Building Amsterdam’s North-South metro line was big trouble – a budget-blowing 15-year operation that involved carefully burrowing beneath the foundations of centuries-old architecture.
For archaeologists tasked with sifting through soft mud to preserve any history disturbed by the massive engineering project, it was no easy feat either. Their potentially hazardous work took place inside concrete boxes pressurized to keep out deluges from the Dutch capital’s ubiquitous waterways.
Today, the fruits of their subterranean labors can be seen at Rokin station, one of eight stops on the route and one that doubles up as an impressive underground archaeological museum, with nearly 10,000 artifacts on display.
The station, well worth visiting in its own right, is a testament not only to the rich heritage on which Amsterdam is built, but also to the engineers and archeologists who worked so hard to preserve it.
The fruits of their labor are displayed in two glass cases positioned between the escalators, one case at either end of the station. On any given day, it’s not unusual to find a commuter going up and down the escalators, just to get a better look.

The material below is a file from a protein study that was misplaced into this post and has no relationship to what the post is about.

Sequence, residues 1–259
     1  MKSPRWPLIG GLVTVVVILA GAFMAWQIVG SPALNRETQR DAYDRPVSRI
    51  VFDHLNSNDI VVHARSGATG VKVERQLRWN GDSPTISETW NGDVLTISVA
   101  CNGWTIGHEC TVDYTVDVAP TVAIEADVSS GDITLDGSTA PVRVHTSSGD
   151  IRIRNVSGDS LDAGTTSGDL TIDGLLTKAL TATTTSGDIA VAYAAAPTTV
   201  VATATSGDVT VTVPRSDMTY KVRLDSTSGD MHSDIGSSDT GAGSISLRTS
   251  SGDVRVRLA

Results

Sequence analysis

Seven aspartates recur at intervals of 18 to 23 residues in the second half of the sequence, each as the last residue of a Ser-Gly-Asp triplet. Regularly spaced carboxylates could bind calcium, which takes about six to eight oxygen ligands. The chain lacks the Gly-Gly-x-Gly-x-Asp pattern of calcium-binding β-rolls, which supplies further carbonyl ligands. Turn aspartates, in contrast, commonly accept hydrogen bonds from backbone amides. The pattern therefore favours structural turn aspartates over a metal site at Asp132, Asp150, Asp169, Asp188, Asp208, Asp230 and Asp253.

A significant number of these artifacts were found in and around Rokin, a neighborhood that lies along the city’s main Amstel river that was at the heart of Amsterdam as it developed from the 13th century onwards.
Waterways tend to become dumping grounds, accumulating objects over the centuries. The Amstel riverbed around Rokin was no different.
“The sheer mass of material we unearthed during the construction of the North-South line was extraordinary,” says Peter Kranendonk, one of two senior archaeologists leading the excavations during the metro project.
“The construction gave us a unique opportunity to excavate under the city up to a depth of 30 meters,” he adds. The oldest items found were mollusc shells dating to over 115,000 years ago.
You can also access the database of images, Below the Surface, found in the excavations.